Monday, April 6, 2015

Worksheets Don't Build Dendrites {Chapters 8-10}

I'm back to with more Worksheets Don't Build Dendrites.  I am combining chapters 8-10 because honestly, I struggled to think of ways I use chapters 8 & 9.



Chapter 8


Chapter 8 was about using similes, metaphors and analogies.  After reading through the different ways to use these, the only way that I could think of that I solidly use this strategy was through the teaching of inverse operations in math.  We have talked a few times about how we can check a subtraction problem's answer by using addition.  This is also a way we have started to build some fact fluency.  

Tate says this is the most effective strategy for students because it helps build connections.  I guess that mean I had better find a way to incorporate it more!  One way for me to do this would be through examples and non-examples.  Instead of simply doing sorts, I could have students sort examples/non-examples and explain why.  This would be a little higher level and the explanation would help build their vocabulary as well.  Win-win!



Chapter 9


Chapter 9 is about mnemonics.  Again, this was not a strength for me.  The only one we have used is good old ROY G BIV for the colors of the rainbow.  Believe you me, we have that one down pat!  Well, if that works, why not try another!?!  Holly at Mrs. Ehle's Kindergarten hosted the link up for this chapter, and has so many great mnemonics listed in her post.  A few I plan to use are some of the spelling ones, and I like the weather ones to use next year when we do the weather unit.  I love the idea of the kids coming up with their own mnemonics.  I could see my students really getting into this!



Chapter 10


Chapter 10 is about movement.  These quotes reminded me how important incorporating movement is:

"Any task learned when we are physically engaged in doing it remains in our memory for a very long time." {Allen, 2008}

"Movement not only enhances learning and memory but it also causes neural connections to become stronger." {Hannaford, 2005}

One of the ways I use movement is through Go Noodle.  I think this has become a staple in many classrooms, and it is no wonder why!  Another way we move daily is through HeidiSongs.   We L-O-V-E HeidiSongs in my classroom.  We have been moving and grooving to our sight words, phonics sounds and various math songs all year.  While I wash the breakfast tables each morning (we eat breakfast in our rooms), students are singing and dancing with Heidi.  Parents tell me all the time how impressed they are with their kids' spelling, and I attribute so much of that to HeidiSongs!  If you haven't used her stuff, look it up on YouTube and give it a try.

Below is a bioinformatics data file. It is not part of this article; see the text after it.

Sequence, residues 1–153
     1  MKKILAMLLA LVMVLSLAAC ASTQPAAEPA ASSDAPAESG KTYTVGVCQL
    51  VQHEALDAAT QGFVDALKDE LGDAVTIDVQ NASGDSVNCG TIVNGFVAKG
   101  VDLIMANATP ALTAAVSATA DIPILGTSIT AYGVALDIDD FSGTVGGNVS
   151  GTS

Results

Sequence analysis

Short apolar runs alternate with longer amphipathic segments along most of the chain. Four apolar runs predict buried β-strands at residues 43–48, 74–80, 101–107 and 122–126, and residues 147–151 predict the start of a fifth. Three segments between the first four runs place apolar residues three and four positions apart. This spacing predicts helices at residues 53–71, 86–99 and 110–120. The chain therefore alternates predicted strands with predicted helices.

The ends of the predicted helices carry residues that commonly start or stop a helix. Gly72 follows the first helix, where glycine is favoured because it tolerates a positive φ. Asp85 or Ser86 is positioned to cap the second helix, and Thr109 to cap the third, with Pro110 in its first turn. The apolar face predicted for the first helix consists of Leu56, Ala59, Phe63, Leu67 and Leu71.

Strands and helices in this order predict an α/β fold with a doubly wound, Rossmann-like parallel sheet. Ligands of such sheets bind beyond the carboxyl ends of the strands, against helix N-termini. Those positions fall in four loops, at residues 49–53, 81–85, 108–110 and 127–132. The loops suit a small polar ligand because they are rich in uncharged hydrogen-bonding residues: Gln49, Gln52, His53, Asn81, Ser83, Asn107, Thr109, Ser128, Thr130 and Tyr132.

I use reading centers in my class to keep kids from being in one place for too long.  This isn't really movement throughout a lesson, but it does keep them up and going by rotating every 10-15 minutes.  I have also tried some alternative seating this year.  I borrowed an exercise ball from a partner and recently ordered 2 Hokki Stools.  This is the first year I have really noticed (probably more actually paid attention) to the different positions in which students learn best.  I have 3 kiddos who will happily stand all day while working.  After seeing them do this over and over again, I thought, why should I stop them.  This obviously works for them!

My kiddos love games.  One of my favorites is Double Double from Greg at Kindergarten Smorgasboard.   You can read more about it on his post.  We also modified it for subtraction by playing "Zero, Zero".  Each time you get doubles, the kiddos are up and moving.  They definitely know their doubles and are well on their way to building fluency in other facts as well.

Jack Hartmann has kept us moving while learning.  I have a few of his DVDs and CDs, and they are fantastic for teaching concepts with movement.  I personally like the DVDs because I don't have to create the movements on my own!

Sorry for the long post with no pictures!  I'd love to hear how you use these strategies in your classroom!

4 comments:

  1. Analogies....I went to a talk once and she was so supportive of using these in your classroom. She said they support that higher level thinking. I need to do more too! I want to look at Heidi songs this summer to see how I am incorporate it into my instruction!

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    1. There are lots of HeidiSongs to check out on YouTube. It amazes me how much my kiddos love them and pick up on them so quickly!

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